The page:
Workplace Health Insurance Is An Exclusive Club That Has Outlived Its Usefulness

The Obamacare marketplace has a big problem—too many sick people and not enough healthy people. The problem is so bad that health insurance companies claim they lost billions of dollars and some are leaving the exchanges. Unless the federal marketplace can enroll more young and healthy people these insurers may never return. Another proposition outlined in a New York Times article by Margaret Sanger-Katz, is for the remaining states to expand Medicaid, which will bring down health insurance premiums for everyone.

In her article, Sanger-Katz refers to a study by the Dept. of Health and Human Services that concluded that marketplace premiums were lower (in the high single digits) in states that expanded Medicaid compared to those that did not. That is great news but it’s not enough to offset premium rate increases in the high double digits. For that we need exactly what the health insurance companies claim they want—a healthier risk pool. Moving employer-sponsored health insurance to the exchanges give us a healthier risk pool that will lower premiums, but there is strong opposition to this.

Employers want to hold onto their health insurance programs because they want to control how much they contribute to them. Health insurers want to maintain these plans because they can better predict their risk and set their rates to ensure they always make a profit. Employees want to keep their employer-sponsored coverage because they don’t want to assume the responsibility of choosing and paying for their own coverage. They also want to keep their employer and government subsidies.

Anyone who thinks that these strong powerful advocates for employer group health insurance are going to suddenly decide it is in the public interest to have one health insurance risk pool is mistaken.
Individuals covered by employer health plans make up about half of the insured population. They are over 150 million individuals strong and it will take the other 150 million plus individuals to force change in our health insurance and health care system. And the first thing we other 150 million plus have to do is stop acting like workplace health insurance is more virtuous than other types of health insurance. Continue Reading...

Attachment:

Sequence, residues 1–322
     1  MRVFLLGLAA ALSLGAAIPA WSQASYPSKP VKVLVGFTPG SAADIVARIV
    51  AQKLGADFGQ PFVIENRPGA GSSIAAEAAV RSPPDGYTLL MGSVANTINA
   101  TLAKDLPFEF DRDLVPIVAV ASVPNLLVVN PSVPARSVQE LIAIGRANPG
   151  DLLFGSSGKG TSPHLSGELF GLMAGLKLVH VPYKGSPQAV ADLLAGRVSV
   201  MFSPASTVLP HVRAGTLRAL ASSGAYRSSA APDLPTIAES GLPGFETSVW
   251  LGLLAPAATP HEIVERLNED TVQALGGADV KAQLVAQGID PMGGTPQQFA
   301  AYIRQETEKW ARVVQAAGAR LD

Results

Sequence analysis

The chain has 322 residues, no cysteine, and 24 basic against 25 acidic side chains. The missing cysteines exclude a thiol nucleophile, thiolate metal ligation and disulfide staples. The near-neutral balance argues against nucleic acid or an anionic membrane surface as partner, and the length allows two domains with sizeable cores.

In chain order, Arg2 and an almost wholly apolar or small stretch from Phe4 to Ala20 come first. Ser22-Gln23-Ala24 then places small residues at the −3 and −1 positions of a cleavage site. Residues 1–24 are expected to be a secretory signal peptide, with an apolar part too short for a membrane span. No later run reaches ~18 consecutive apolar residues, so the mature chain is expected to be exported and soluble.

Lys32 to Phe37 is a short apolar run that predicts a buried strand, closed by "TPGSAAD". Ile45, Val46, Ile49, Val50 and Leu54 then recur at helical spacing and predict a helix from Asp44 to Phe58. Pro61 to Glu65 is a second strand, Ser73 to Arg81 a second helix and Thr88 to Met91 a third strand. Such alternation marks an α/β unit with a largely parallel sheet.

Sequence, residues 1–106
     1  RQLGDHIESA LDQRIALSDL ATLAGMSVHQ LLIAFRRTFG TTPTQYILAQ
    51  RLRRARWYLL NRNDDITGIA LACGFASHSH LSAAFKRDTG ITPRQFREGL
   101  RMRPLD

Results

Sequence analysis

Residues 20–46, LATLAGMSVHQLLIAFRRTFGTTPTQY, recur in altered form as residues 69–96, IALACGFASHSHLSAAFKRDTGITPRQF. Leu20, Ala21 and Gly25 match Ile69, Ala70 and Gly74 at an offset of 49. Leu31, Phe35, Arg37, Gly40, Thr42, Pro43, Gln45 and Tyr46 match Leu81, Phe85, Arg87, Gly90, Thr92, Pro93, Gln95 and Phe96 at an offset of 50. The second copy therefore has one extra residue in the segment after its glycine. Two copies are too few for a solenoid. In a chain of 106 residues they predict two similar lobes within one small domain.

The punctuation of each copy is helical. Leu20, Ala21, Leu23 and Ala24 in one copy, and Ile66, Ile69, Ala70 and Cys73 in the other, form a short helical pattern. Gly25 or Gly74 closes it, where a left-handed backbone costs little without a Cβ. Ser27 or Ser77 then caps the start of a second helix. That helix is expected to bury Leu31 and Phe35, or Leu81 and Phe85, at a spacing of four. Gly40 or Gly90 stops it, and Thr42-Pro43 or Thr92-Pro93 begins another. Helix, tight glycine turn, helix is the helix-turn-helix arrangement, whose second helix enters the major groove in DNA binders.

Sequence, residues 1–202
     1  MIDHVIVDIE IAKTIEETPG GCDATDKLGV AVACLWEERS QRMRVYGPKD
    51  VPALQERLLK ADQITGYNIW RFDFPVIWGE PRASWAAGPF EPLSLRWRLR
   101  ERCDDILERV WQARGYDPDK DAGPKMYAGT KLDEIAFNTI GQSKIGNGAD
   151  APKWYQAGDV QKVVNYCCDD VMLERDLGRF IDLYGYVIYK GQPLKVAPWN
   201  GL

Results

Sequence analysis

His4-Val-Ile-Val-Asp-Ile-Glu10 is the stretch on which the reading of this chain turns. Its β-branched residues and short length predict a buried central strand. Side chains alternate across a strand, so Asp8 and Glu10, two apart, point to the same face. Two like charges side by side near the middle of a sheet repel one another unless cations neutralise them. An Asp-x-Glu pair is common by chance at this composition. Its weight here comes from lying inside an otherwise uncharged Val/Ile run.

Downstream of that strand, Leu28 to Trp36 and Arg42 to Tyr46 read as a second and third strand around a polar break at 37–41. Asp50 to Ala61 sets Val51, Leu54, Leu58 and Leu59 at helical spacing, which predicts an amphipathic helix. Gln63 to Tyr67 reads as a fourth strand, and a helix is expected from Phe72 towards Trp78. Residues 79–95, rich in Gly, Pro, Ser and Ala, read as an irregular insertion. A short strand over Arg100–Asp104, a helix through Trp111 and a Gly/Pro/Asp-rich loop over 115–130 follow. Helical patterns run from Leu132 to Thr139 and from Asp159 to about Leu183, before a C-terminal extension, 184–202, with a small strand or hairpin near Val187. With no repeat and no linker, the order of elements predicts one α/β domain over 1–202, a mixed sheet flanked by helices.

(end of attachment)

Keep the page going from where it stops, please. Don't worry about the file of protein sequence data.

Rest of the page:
Betterment-Uber Partnership—Bromance Or Gig Economy Revolution

Last week Betterment and Uber announced a partnership to offer Betterment individual retirement accounts (IRAs) to Uber drivers. The program is already available to drivers in four cities—Boston, Chicago, New Jersey and Seattle—via the Uber app.

Who Are These Guys?

Betterment is a robo-advisor. The technical definition of a robo-advisor (robo-adviser) according to is: “an online wealth management service that provides automated, algorithm-based portfolio management advice without the use of human financial planners.”

Basically, Betterment has an online platform and app that allows you to save for retirement or other goals by investing in exchange traded funds (ETFs). To get started you answer a few questions that Betterment’s computer system (aka, automated algorithm) analyzes and then chooses your investment options. You don’t have to, nor could you if you wanted to, choose your own investment funds. Its purpose is to automate the investment choosing and saving process for people who don’t want to or feel they cannot make these decisions alone.

And Uber (originally UberCab) is an app-based ride hailing service whose drivers are independent contractors. The app hit the market in 2010.

A Match Made In Tech Heaven

I’m not surprised by this new partnership—Betterment and Uber have a lot in common. They are both successful tech start-ups that went up against well-established industries—financial advisors and taxicabs, respectively. They both rely on technology to deliver their products in a way their traditional competitors never did. They both emerged during the Great Recession of 2008 but hit the ground running in 2010-2011. They enjoy a lot of media attention and support from venture capitalists. And, increasingly, they market their products to businesses as an employee benefit.

Betterment founded Betterment for Business to offer 401(k) plans to small businesses. Uber has several partnerships with businesses:

Uber for Business – Businesses can set up an account to provide rides for their employees

UberCENTRAL – Businesses can set up an account to pay for rides for their customers

UberPOOL – New York City employees enrolled in a WageWorks commuter flex program can use their commuter benefits account to pay for rides with pre-tax dollars Continue Reading...